On December 11, 2013, Hart agreed to a one-year, $6 million contract with the Seattle Mariners. The deal contained up to $7 million in incentives. He was designated for assignment on September 29, 2014.
Hart returns home to Bowling Green whenever possible and is active with local charities. Corey is the son of Johnnie and Donna Hart and has two sisters, Tabitha (older) and Ali (younger). He has said that he would be either a teacher or coach if he were not a baseball player.
- Baseball-Reference. "Corey Hart Statistics and History". Retrieved July 2, 2009.
- The Baseball Cube. "Corey Hart – The Baseball Cube". Retrieved July 2, 2009.
- Ron Harrison. "Fifth Third Bank Kentucky Holiday Classic". Retrieved July 2, 2009.
- Tom Haudricourt (June 30, 2003). "Rising Stars". Milwaukee Journal Sentinel.
- Baseball-Reference. "2005 Nashville Sounds Statistics". Retrieved July 2, 2009.
- Tom Haudricourt (February 5, 2006). "Outlook on Weeks' recovery? Thumb's up". Milwaukee Journal Sentinel. Retrieved July 2, 2009.[dead link]
- John Manuel (November 21, 2005). "Top 10 Prospects: Milwaukee Brewers". Baseball America. Retrieved July 2, 2009.
- Retrosheet. "Retrosheet Boxscore: Milwaukee Brewers 8, Cincinnati Reds 3". Retrieved July 2, 2009.
- Jonathan Mayo. "Brewers boasting homegrown talent". Minor League Baseball. Retrieved July 2, 2009.
- Baseball Digest (August 2008). "Players with 20-game hitting streaks, one season". Baseball Digest. Retrieved July 2, 2009.
- Retrosheet. "Retrosheet Boxscore: Washington Nationals 5, Milwaukee Brewers 4". Retrieved July 2, 2009.
- David Golebiewski (November 17, 2008). "Corey Hart's Hacking Ways". Fangraphs. Retrieved July 2, 2009.
- "Fascinating facts from Friday's games". mlb.com. August 18, 2002. Retrieved August 23, 2011.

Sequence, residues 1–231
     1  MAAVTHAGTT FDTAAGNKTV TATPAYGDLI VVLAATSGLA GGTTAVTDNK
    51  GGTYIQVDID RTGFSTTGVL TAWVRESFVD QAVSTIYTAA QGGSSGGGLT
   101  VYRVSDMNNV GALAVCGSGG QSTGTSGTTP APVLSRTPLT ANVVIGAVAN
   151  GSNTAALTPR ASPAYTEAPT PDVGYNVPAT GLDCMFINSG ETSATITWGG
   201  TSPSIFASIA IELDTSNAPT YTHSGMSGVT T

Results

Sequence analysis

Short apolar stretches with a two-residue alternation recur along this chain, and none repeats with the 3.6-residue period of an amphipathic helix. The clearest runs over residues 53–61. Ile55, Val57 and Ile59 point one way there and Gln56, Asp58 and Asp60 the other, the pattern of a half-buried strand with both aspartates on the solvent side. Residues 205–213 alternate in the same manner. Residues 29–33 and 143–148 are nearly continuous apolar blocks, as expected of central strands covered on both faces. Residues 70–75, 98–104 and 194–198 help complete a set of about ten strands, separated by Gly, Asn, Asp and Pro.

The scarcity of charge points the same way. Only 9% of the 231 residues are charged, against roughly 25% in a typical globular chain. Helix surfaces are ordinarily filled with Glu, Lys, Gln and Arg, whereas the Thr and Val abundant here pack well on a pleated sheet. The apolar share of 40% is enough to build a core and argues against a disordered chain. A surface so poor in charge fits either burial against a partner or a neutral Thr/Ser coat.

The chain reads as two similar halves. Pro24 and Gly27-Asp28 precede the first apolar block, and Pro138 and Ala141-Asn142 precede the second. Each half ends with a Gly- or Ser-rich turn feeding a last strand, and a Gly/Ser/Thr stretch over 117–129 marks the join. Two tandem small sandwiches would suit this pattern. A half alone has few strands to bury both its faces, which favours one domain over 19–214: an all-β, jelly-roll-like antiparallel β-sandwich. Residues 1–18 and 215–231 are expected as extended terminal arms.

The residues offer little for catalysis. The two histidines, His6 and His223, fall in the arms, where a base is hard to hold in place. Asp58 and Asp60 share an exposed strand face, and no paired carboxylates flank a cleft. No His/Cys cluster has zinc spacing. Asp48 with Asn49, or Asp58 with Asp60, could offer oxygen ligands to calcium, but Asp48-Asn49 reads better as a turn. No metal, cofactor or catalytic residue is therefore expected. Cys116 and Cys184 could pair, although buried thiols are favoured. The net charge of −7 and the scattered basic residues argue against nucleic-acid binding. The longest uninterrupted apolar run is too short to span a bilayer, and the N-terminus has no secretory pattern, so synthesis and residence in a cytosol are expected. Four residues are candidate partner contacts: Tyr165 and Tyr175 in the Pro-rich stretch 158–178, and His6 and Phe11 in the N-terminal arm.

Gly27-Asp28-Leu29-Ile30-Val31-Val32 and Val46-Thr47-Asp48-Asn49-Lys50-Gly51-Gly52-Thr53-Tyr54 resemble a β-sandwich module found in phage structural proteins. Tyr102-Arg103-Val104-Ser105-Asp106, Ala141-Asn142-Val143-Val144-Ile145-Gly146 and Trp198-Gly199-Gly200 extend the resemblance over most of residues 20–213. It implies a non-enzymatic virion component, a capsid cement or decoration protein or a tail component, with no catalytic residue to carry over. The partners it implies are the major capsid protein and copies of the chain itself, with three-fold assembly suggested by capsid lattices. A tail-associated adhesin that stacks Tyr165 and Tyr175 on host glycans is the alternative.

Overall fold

- Mark Newman (July 10, 2008). "Longoria, Hart are fans' final All-Stars". Major League Baseball. Retrieved July 2, 2009.
- Todd Farino (March 28, 2009). "Player Spotlights – Scott Kazmir and Corey Hart". Bleacher Report. Retrieved July 2, 2009.
- "2008 Major League Baseball Baserunning/Misc". Baseball-Reference.com. Retrieved October 3, 2011.
- July 18, 2010 – 6:20 PM ET (July 18, 2010). "Padres interested in OF Corey Hart". Nbcsports.msnbc.com. Retrieved October 3, 2011.
- McCalvy, Adam (April 7, 2012). "Crew welcomes early returns by Hart, Greinke". MLB.com.
- Johns, Greg (December 11, 2013). "Mariners add Hart, LoMo to cap Meetings". MLB.com. Retrieved September 30, 2014.
- "Jesus Montero off suspended list". ESPN.com. Associated Press. September 30, 2014. Retrieved September 30, 2014.
- Major League Baseball. "Corey Hart: Biography and Career Highlights". Retrieved July 2, 2009.
- NNDB. "Corey Hart". Retrieved July 2, 2009.
- "A Slugger Saved by Grace".
- Career statistics and player information from MLB, or ESPN, or Baseball-Reference, or Fangraphs, or The Baseball Cube, or Baseball-Reference (Minors)